unorganized workers the right to bring a fellow worker
 of their choosing in to a meeting with the company.
 These so-called "Weingarten rights" have been taken
 away by one of the board's most outrageous decisions
 which used the threat of terrorism as one of the
 excuses for overturning the decision.
 
 What is important about this book is that Mr. Morris
 makes it clear through a detailed examination of the
 legislative history and actual history of Section 7,
 that Section 7 also mandates that employers bargain
 collectively with minority unions for their members
 only.
 
 "It is my hope that this book will help restore an
 important missing link in the American Labor Relations
 system. That link-by now obvious-is the reinvocation of
 the methodology of minority union collective bargaining
 by labor unions for their members only, for this is the
 natural preliminary stage in the organizational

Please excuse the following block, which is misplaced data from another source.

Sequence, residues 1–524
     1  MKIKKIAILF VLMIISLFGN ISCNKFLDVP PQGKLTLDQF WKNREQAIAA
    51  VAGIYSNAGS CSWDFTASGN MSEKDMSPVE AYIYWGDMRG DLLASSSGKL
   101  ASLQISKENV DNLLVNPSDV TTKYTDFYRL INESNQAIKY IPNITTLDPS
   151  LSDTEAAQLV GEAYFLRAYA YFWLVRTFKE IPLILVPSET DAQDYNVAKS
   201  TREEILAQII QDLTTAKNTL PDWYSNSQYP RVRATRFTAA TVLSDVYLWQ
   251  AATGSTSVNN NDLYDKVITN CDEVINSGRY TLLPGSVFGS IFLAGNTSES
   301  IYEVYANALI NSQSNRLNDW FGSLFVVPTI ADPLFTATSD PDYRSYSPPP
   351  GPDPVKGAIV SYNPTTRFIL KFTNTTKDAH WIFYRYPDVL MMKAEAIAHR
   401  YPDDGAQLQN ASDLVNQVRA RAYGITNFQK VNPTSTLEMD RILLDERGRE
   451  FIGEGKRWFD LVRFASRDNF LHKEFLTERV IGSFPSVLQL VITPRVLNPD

development of mature, majority based, exclusivity
 bargaining. When traditional unions reclaim the process
 of organizing by representing and bargaining on behalf
 of their members from the very beginning-or at least
 attempting to do so-they will be returning to their
 roots. They will be organizing by recruiting dues-
 paying members-not card-signers or potential voters,
 which is the common practice today. "
 
 As Mr. Morris carefully points out the origins of
 Section 7 predates the passage of the Wagner Act, (it
 was part of the National Recovery Act, whose symbol was
 the Blue Eagle, thus the title of the book) and
 reflected the reality of the times, that unions often
 did not represent a majority of workers in a workplace
 and when they bargained with an employer it was for
 their members only. With the passage of the Wagner Act
 in 1936, Section 9 was added to deal with the problem
 of company unions. Thus if a union proved that it